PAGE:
Tragedy often inspires art. The St. Peter community has an example in its midst with the unveiling May 26 of a mural honoring Landon Gran.
Gran was 18 and entering his senior year of high school when he was killed in a farm accident in August 2019. A beloved son, friend and co-worker, Gran’s friends sought a way to memorialize his life. The result is the 10-x-12-foot mural that now hangs on the north side of the 3rd Street Tavern.
Kept under wraps until Tuesday, Gran’s parents, Michele and David Gran, were the first to see the mural in a private showing.
It is the fruit of numerous conversations, hours of hands-on work and likely many displays of emotion among the young man’s friends and family in the nine months since his death.
Gran impressed people both inside and outside his peer group. Angie Fogal had known Gran and his family since the days when her sons, Kyle and Nathan, were in youth baseball with Gran and his brother James. Fogal and the Gran brothers renewed their acquaintance as co-workers at 3rd Street Tavern.
The kitchen is like a family, she said: “We’re in the trenches together Friday or Saturday night when it’s mayhem.”
Learning about Gran’s death was surreal for Fogal. As time passed, she observed Michele’s ongoing sorrow.
“My friend is still grieving. Dang it. I’m trying to take away the pain and it’s not working,” Fogal said. She felt powerless to help. But she realized that what she could do was assure Gran’s parents that he would never be forgotten and the idea of the mural was born.
Fogal tapped Nick Richards, an artist and fellow 3rd Street co-worker, as well as a large group of Gran’s friends, to design the mural. As they talked about Gran, Richards and Fogal captured the stories and images that emerged.
“They told me about the things he loved and the things that were important to him, such as his truck, his new pup and the gazebo that he and his friends would hang out at all the time,” Richards said.
Superimposed on a landscape of his family home and farm, these items paint a picture of a typical teen but one who Richards describes as anything but typical.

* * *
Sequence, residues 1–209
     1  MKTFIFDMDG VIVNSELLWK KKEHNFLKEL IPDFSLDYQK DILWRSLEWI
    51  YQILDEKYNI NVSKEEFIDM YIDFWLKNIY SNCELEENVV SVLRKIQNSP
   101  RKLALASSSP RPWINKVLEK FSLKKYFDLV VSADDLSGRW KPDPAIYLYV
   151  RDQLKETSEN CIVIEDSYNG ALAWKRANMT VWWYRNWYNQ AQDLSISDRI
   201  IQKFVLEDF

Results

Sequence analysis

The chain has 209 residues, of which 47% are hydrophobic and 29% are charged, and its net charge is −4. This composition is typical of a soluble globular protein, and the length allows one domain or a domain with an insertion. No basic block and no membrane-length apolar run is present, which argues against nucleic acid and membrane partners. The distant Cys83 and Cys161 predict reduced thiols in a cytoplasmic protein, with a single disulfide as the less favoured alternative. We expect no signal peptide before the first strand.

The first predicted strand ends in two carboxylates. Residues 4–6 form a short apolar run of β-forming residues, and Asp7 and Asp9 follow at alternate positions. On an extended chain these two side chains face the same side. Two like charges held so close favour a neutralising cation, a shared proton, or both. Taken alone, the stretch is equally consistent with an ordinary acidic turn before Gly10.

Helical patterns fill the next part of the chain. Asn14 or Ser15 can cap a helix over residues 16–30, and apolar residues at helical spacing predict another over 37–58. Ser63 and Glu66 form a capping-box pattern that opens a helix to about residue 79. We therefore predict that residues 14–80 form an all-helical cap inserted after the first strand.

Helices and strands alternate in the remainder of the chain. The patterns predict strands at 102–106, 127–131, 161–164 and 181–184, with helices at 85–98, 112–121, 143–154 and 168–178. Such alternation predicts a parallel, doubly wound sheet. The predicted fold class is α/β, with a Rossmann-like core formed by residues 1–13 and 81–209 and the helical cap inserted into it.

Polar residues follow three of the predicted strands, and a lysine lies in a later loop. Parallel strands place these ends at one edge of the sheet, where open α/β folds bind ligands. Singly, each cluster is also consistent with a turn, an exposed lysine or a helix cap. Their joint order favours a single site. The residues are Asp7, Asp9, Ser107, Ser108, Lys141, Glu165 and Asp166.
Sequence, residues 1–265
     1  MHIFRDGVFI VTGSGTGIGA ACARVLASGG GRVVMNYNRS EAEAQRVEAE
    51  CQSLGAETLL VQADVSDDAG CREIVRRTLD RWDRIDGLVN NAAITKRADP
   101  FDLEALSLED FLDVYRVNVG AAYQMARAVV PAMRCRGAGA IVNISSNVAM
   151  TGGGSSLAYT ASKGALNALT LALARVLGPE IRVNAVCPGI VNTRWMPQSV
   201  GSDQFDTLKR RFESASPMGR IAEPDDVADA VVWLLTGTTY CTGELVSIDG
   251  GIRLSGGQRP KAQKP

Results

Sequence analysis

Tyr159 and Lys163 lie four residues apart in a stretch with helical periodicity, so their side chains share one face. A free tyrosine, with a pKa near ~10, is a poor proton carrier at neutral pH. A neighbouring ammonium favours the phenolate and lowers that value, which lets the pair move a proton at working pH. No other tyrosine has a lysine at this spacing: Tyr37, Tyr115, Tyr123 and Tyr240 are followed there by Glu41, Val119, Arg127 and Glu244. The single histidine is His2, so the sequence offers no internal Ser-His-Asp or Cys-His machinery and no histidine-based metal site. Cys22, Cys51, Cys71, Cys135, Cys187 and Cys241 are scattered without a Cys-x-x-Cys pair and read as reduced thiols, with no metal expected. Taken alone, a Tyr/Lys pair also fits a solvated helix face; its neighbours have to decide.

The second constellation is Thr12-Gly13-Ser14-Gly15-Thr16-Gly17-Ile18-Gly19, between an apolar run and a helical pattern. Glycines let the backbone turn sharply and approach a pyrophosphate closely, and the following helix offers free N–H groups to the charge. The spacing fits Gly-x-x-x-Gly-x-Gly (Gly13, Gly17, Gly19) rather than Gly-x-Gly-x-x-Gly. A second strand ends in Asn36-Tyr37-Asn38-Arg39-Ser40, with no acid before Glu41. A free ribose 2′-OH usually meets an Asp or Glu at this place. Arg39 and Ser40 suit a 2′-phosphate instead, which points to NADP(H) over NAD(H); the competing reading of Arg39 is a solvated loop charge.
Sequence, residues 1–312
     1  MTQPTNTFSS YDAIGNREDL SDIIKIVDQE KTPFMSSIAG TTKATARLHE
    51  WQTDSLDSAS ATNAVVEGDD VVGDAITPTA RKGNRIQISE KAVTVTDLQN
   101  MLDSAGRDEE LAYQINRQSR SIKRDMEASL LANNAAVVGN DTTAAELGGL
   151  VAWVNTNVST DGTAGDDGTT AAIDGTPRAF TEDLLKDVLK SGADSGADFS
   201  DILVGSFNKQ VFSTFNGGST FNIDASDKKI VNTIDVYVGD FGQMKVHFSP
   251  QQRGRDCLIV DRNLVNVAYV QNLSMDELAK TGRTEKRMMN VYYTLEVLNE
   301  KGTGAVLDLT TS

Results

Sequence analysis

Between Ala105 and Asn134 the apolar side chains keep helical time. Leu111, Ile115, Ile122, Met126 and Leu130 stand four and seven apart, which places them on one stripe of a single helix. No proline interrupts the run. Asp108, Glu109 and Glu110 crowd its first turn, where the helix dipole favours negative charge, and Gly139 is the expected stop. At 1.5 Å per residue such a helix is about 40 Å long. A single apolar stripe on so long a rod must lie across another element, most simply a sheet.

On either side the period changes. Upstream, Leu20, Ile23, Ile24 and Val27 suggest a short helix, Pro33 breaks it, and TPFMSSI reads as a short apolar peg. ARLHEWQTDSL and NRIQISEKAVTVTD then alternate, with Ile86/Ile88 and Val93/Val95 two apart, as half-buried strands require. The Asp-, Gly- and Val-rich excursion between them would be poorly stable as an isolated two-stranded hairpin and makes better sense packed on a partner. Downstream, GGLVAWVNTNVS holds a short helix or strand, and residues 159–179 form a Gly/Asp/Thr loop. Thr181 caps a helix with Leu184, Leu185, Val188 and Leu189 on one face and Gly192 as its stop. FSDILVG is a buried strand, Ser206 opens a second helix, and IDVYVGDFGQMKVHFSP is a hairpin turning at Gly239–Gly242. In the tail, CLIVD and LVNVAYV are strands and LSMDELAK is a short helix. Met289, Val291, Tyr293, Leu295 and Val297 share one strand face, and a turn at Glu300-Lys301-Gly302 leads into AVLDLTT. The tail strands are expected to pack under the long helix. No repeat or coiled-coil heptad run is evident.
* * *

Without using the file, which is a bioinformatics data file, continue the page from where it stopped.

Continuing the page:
“Landon was one hell of a kid,” Richards said. He pushed Gran, the positive, hard-working dishwasher, to take on roles outside the kitchen, “because I knew he was much more than a dish boy and people would enjoy his personality.”
Richards continued, “It’s hard not to. The level of respect and sincerity he projected was unmatched. In many ways I yearn to be more like Landon.”
Gran’s classmate and friend Andrew Guimond got the vision immediately.
“When Angie approached me with the idea of doing a mural I was on board instantly,” he said. “I began thinking about how so many people in our friend group had different plans for after college, and how something like this would provide a great place for people to come together with the feeling that Landon is there with us.”
Kayla Soderlund had an enormous task keeping the project under wraps.
“The main reason I decided to be a part of this project was because of how much Landon meant to me and to everyone in our community,” Soderlund said. “He had such a big heart and that is what I miss the most.”
As a classmate of Gran’s and the girlfriend of his younger brother, James, the loss was personal. The Grans made her feel like a member of the family, she said. “This mural has brought some closure.”
Bennett DeBlieck, another classmate and friend, was tasked with providing the canvas for the mural. One-inch by four-inch cedar boards protect the brick building from the plywood on which Richards applied exterior house paint.
“Landon was one of my best friends and above anything else I just want this to mean something to the people that cared about him,” DeBlieck said.